Cases of mistaken identity testimony account for more wrongful convictions than any other kind of evidence. Juries tend to believe witnesses who identify the defendant as the perpetrator of the crime. But the reality is that most people vastly underestimate the natural human propensity to incorrectly recall what someone looks like. Although eyewitness identifications are unreliable to begin with, they become infinitely more unreliable when masks/hats/sunglasses are involved or if issues such as suggestive identifications come into play. Witnesses are typically asked to make their identification of a suspect in court while that suspect is handcuffed in jail clothes or at a line-up of people who look nothing like the described perpetrator. These sorts of issues can only be fleshed out by a good attorney with a deep understanding of expert witnesses and lineup motions and strong cross-examination skills.

False Accusations

Technically speaking, almost all criminal accusations can be based on false or mistaken allegations. Robbery accusations can be completely false if the alleged victim harbors some manner of bias or resentment against the accused. Through investigation, skillful cross-examination, and persuasive argument, a good Fairfax robbery lawyer can expose false accusations and create reasonable doubt in the minds of the jury.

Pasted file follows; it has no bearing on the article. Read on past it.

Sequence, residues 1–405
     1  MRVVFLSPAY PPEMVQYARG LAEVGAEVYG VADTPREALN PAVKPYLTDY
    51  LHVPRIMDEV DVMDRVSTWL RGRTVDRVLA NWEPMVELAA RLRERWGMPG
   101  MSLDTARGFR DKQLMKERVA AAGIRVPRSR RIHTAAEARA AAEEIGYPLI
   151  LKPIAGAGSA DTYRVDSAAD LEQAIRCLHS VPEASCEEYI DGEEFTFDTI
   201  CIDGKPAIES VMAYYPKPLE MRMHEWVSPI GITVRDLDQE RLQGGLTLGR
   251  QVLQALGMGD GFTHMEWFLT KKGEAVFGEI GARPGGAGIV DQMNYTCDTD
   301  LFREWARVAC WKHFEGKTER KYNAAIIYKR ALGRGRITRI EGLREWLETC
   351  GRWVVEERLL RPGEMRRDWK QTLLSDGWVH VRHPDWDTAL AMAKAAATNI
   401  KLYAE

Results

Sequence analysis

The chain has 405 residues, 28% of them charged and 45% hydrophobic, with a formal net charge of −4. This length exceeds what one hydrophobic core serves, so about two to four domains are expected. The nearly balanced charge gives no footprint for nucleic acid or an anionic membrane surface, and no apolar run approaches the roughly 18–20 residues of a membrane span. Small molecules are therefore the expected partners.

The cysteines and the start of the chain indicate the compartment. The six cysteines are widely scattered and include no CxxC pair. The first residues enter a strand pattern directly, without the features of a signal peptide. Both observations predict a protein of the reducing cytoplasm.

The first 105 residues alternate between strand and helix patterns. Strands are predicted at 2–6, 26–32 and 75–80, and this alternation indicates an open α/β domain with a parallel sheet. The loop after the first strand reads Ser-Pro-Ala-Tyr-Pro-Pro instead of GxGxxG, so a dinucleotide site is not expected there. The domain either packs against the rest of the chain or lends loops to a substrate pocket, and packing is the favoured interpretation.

Carjacking falls under Virginia Code § 18.2-58.1 and is akin to robbery, but instead of the taking of property through force, it is defined as the taking of a vehicle through force or fear while the owner is in immediate possession of the vehicle. The offense is considered a carjacking regardless of whether the defendant intended to permanently or temporarily deprive the owner of the vehicle. In other words, so long as there is a taking that involves violence, it will be classified as carjacking.

It is important to note that carjacking can be charged individually along with any other criminal offense committed during the carjacking. Thus, the Commonwealth will file additional charges if someone is injured, a firearm is used, or if the driver or other occupant is kidnapped during the carjacking. Some of the defenses your Fairfax carjacking attorney can assert on your behalf include: mistaken identity, false accusations, lack of force/fear, Fourth Amendment challenges, and Fifth Amendment (Miranda Rights) challenges to confessions.

Penalties for Robbery and Carjacking

Pursuant to Virginia Code § 18.2-58, a robbery conviction carries a sentence of anywhere between five years to life imprisonment with the mandatory minimum being five years.

Under Virginia Code § 18.2-58.1, carjacking is considered a much more serious crime and its sentencing guidelines are reflective of that. If a person is convicted of carjacking, they face a sentence of 15 years to life in prison. There is mandatory minimum sentence of 15 years.

Passionate & Personal Service


The Law Offices of Randall Sousa provides clients throughout Virginia with aggressive, affordable, and highly skilled legal services. Call now to speak with a Fairfax robbery lawyer.

Fairfax robbery lawyer Randall Sousa possesses a deep commitment and passion for criminal defense, and he is relentless when it comes to fighting for his clients in each and every case.

Fairfax Robbery Lawyer Randall Sousa






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Law Offices of Randall Sousa

3007 Williams Drive
Fairfax, VA 22031
United States (US)
Phone: 571-354-6164
Secondary phone: 703-651-2606
Email: randallsousa@idefendva.com